England cricket finds itself in a world of hurt following their defeat at the hands of New Zealand at their so-called fortress in Edgbaston at the weekend.
The loss came partly through their insistence upon a bubble mentality in the age of COVID-19 but also through a desperate lack of depth in batting.
England were fortunate not to lose the two-Test series 2-0, with the Lord’s Test having lost a complete day to rain – New Zealand were in a strong position to press for victory had it not rained throughout Day 3.
Not only that, but New Zealand made six changes to their team for the second Test and still managed to thump England to the tune of eight wickets in a comprehensive and dominant display of Test cricket.
English commentators and experts are already wondering how the team can possibly find a way to reverse this by the time they reach Australia in an effort to regain the Ashes at the end of the year, but surely their first port of call should be trying to avoid a series loss – or, worse, a series wipeout – at the hands of visiting No. 1 Test team India from August rather than worrying about an Australian team with its own batting woes to solve.
England did themselves no favours in this series, deciding that the players returning from the Indian Premier League would not be considered for selection tp instead rest and recuperate at home. It has been the England solution to deal with the COVID-19 pandemic. The use of bubbles in the various tours they have undertaken over the last 12 months certainly cannot be criticised for not putting player welfare and mental health first in these unique times.
But in a home series, where it appears from the outside that players would have had sufficient time to be ready to participate, surely the likes of Jos Buttler and Jonny Bairstow could have been vital inclusions in this batting line-up. Or perhaps not – indeed perhaps the selectors felt all along that the top six they went into this series with was the best England had to offer.
The fact that Ben Stokes was out injured certainly hampered the team balance, while Jofra Archer’s injury woes also cost them another vital piece of their best team scenario. And losing Ben Foakes to an injury the day before the first Test was also not the best preparation, with both next best keeping options in Buttler and Bairstow not in the team bubble.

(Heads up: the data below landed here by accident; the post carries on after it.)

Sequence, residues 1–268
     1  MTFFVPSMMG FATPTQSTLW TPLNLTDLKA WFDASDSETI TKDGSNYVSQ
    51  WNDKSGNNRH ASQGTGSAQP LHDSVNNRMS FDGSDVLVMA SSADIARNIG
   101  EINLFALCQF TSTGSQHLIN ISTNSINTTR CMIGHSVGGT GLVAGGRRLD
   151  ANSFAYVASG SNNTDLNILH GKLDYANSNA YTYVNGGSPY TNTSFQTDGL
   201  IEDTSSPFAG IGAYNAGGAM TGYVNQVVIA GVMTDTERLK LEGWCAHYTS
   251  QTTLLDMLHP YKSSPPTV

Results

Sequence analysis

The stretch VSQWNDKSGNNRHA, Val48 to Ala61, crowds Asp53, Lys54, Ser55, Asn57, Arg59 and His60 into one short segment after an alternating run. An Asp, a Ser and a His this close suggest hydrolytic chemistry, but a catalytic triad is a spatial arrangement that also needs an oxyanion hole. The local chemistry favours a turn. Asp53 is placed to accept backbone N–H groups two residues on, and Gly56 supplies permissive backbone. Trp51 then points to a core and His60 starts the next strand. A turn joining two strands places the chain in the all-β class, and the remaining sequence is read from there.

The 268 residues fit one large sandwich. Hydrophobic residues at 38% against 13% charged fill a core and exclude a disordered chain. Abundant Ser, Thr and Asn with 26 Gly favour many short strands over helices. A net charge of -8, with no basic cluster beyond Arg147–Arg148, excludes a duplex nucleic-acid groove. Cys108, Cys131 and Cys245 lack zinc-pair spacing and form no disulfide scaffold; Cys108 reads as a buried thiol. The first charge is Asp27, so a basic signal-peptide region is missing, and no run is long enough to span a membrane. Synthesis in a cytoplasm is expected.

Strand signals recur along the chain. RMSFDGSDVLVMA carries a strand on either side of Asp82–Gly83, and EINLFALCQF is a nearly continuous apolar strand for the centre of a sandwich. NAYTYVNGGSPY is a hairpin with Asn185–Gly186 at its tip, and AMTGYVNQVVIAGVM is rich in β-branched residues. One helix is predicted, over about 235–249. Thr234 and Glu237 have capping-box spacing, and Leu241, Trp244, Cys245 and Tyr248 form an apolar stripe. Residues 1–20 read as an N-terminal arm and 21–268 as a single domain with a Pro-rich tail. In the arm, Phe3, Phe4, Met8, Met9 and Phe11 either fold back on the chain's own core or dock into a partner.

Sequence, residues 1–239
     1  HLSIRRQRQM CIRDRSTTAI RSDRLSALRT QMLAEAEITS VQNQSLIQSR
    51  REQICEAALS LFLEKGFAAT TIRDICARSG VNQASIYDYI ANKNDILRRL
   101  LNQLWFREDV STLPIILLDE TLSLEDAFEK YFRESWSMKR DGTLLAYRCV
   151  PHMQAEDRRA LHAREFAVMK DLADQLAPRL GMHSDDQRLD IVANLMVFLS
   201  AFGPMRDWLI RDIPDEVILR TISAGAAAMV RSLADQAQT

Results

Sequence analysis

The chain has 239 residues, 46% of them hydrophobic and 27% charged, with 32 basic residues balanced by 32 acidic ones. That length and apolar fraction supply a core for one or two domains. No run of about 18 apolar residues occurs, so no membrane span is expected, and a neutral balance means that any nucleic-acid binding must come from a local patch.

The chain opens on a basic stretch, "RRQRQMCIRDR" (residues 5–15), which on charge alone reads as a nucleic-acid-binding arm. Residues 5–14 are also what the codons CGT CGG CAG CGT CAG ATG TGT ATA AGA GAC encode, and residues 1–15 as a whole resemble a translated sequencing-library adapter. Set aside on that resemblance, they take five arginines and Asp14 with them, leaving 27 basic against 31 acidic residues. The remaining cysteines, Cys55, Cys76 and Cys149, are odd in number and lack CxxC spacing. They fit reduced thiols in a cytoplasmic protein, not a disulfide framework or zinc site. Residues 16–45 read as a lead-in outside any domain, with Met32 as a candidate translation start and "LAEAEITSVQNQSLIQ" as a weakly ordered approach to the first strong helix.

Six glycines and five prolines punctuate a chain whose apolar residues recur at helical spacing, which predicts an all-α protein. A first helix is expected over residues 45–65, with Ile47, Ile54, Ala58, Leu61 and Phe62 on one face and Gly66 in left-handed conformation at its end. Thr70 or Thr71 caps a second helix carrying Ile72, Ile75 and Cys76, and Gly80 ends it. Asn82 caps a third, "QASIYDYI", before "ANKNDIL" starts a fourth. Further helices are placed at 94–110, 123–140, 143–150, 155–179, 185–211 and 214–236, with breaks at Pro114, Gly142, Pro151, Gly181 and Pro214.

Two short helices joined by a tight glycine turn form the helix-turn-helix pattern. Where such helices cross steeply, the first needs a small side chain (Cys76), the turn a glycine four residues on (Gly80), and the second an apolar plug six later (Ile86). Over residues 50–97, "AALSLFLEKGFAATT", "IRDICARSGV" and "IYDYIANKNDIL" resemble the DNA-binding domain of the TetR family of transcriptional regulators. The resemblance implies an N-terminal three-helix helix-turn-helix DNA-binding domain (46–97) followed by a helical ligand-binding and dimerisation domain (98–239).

However, it is the lack of runs from the top six that is causing the greatest concern.
Change must occur before that first Test against India. Rory Burns and skipper Joe Root are the only certain inclusions in that top six.
They must look at New Zealand’s depth. They had not only a solid top six in the first Test but then replaced two of them, including their captain and best batsman, almost seamlessly for the second Test and still won comfortably.
Dom Sibley crawled to a half-century in the second innings of the first Test when England just batted time but otherwise struggled. Zac Crawley continues to plod along in mediocrity. Ollie Pope looks good without being able to make that solid contribution they need, while Dan Lawrence is still a work in progress.
No doubt Stokes will return if fit, and perhaps either Foakes or Buttler will be back as keeper – or maybe even both with will return, with one as a batsman only. And surely if these two Tests have shown anything, they have shown Root is not a frontline spin option. England must choose one to be effective in all conditions.
From an Australian perspective, I love seeing England get beaten. I don’t know what the answers are to their batting woes any more than I know the answers to Australia’s own similar problems in their Test batting. But one thing is for sure: England must decide very soon which of their misfiring batting order they feel are worth persisting with and which they feel are now ballast, because Australia is the least of their problems in the immediate future.
England will host a full-strength India in a five-Test series in just a matter of weeks. That is the immediate cause for concern.